Jean's home and family mirrored her life and achievements, and it was inthat setting she wanted to depart. She well knew that, given the very painful illness she had contracted, her unpleasant destiny - if she did not take control - would be to die in the screened-off corner of a hospital wardin the middle of the night, comatose for weeks from pain-killing narcotics. She had, after all, spent too much time in cancer wards not to have witnessed many such deaths. It was these painful observations that strengthened her resolve to organize for herself a more dignified end.
As her death approached in the spring of 1975, at the age of 42, I examined both my conscience, and the circumstances, as I was about to be called upon to fulfill my part of the life-ending bargain. Fortunately, we all enjoyed intelligent, open communication with our medical advisors about Jean's condition so there was no likelihood of a misunderstanding: she was very close to death; she had enjoyed her share of remissions, and any hope of a cure was (and still is) out of the question for her advanced form of cancer.
Was it right to help? I reasoned that, being asked by the person I loved most, I could not refuse her, even though it was a serious crime. (Suicide and attempted suicide are no longer crimes in the English-speaking world, and many other countries, but assistance with suicide still is, and is sometimes punishable as murder). I asked myself, doesn't love and long-term comradeship (we had been married 22 years) demand that we stand by one another in times of dire need?
I could not have lived with my conscience had I refused her plea to die, nor could I bear the thought that her attempted self-deliverance might be botched. Such a long and harrowing struggle for life (two and a half years) deserved the reward of a good end on her own terms. I resolved to help, whatever the consequences. It took place on March 29, 1975.
Since Jean's Way was published in 1978 it has had a mixed reception. Far more women than men are able to relate to the struggle that it outlines. I believe that generally women accept the reality of dying far more comfortably than men. My critics - and there are many - have called me `murderer' and `killer,' but I feel I did the right thing by Jean; their barbs have no effect. I am untroubled. Of course. I did not `kill' or `murder' Jean. The ordinary connotation of those words is that of taking a life without permission, a life that wished to continue. What I did was to assist a rational person to end a life no longer tolerable which was nearly over anyway.
Obligated To Act
After Jean's death, not one of the many persons who knew of my part in it chose to inform the police. The family doctor assumed cancer was the culprit and signed the death certificate. Three years later when the book was published there was considerable controversy and the news media in Britain asked the police what they intended doing about my open confession of criminality. The police were obliged to act upon this complaint.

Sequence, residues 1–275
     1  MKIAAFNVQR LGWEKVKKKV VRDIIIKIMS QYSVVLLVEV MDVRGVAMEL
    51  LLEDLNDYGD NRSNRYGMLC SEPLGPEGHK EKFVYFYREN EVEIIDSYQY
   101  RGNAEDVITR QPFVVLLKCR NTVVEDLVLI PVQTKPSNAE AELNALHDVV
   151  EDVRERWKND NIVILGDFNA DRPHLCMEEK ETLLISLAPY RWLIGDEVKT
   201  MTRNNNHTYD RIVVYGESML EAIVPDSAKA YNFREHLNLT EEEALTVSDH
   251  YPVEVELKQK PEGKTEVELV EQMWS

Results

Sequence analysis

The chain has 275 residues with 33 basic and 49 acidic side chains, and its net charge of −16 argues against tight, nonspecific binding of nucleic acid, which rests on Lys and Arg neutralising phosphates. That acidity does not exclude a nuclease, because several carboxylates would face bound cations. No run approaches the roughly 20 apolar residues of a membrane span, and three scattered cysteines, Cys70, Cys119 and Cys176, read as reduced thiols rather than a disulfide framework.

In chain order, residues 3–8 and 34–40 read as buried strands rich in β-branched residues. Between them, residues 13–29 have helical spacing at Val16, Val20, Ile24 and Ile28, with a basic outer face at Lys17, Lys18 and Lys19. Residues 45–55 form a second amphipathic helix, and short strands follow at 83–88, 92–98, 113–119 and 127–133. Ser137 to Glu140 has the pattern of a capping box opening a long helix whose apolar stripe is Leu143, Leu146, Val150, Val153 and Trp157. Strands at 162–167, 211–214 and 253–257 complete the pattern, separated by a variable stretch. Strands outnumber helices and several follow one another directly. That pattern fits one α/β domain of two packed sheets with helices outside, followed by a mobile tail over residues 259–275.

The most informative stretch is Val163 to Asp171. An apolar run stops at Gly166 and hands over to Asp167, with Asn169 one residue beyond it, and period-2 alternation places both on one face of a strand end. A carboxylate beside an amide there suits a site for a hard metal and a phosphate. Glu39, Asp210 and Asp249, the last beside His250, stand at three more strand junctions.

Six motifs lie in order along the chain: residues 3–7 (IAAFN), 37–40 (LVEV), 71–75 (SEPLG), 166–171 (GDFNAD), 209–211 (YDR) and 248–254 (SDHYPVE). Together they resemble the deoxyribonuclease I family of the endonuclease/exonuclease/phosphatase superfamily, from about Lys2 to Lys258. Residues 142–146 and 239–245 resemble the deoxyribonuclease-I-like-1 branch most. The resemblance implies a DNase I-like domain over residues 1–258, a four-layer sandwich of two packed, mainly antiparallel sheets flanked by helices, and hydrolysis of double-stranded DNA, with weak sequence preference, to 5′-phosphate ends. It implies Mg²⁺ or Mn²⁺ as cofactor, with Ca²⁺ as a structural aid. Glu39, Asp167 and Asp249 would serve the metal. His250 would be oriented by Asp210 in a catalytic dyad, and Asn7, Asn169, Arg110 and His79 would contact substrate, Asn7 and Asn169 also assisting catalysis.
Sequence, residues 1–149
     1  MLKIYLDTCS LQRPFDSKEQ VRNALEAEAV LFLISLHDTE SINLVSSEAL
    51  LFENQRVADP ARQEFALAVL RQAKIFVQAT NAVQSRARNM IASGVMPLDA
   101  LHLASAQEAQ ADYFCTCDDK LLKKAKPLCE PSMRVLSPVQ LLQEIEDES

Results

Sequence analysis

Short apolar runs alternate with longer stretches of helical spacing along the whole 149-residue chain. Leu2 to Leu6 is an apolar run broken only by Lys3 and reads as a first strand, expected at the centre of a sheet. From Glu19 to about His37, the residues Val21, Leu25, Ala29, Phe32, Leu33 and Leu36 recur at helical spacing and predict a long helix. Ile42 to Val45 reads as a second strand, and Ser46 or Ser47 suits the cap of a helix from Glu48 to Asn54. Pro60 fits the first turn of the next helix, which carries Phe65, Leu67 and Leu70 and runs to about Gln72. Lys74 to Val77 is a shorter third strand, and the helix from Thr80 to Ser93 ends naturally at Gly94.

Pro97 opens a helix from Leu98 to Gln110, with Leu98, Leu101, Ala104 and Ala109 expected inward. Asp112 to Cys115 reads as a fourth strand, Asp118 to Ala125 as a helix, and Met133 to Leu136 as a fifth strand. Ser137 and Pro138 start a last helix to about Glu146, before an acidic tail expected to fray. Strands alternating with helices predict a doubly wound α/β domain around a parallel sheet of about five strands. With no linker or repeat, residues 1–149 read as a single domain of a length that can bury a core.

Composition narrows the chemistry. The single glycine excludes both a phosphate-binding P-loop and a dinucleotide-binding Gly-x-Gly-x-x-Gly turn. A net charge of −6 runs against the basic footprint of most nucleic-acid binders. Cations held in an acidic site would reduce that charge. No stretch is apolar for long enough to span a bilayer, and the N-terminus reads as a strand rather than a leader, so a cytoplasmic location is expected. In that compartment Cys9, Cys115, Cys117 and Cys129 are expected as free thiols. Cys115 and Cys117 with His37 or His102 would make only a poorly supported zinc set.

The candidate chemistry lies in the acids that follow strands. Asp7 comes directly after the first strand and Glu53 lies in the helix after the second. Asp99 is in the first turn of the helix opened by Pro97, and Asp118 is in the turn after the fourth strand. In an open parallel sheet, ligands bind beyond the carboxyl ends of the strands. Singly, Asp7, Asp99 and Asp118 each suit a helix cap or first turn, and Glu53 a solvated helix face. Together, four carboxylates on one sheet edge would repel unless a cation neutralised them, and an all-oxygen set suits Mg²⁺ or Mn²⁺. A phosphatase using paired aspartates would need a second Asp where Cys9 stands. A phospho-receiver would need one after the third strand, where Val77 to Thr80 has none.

When the very gentlemanly senior detective arrived by appointment I told him immediately that I was guilty of breaking this law, fully aware that it carried with it a penalty of up to 14 years imprisonment. I added that although I believed firmly in the rule of law (all my writings had bore this out) this had been one of those rare occasions where personal, moral obligation transcended law. If prosecuted I would not contest the case, though I would argue strongly against a prison sentence.
Ultimately the public prosecutor used his statutory discretion and did not charge me with any offense. One reason, I suppose, was that the `crime' was then more than three years old and evidence would be difficult to marshal. Another reason for clemency, no doubt was that substantial public opinion was demonstrably in favor of Jean's solution.
Of course, the police also demanded the identity of the physician who had given me the lethal drugs. I refused to divulge it and they were unable to pursue the matter further. I certainly would not risk a prosecution of this wise and humane man on account of his friendship with me.
Most people involved in an euthanasia incident have no difficulty in putting the experience behind them. Many are proud of their act of love, so I find. And, were I not at peace with myself, I could not agree to continual interviews on television and radio on the subject of Jean's death. I do not seek this exposure; media people find Jean's tale a life-celebrating event worthy of repeated publication to their public. My motive is to achieve a democratic change in the law to permit physician-assisted dying for the terminally and hopelessly ill. It will come before long.
Note: Copies of Jean's Way are available from the ERGO Online Bookstore.
© Copyright 1995, Derek Humphry. All rights reserved. Students may download this article for the purposes of taking extracts, electronic publication or photocopying. It must not be reproduced in print media or books without the author's written permission.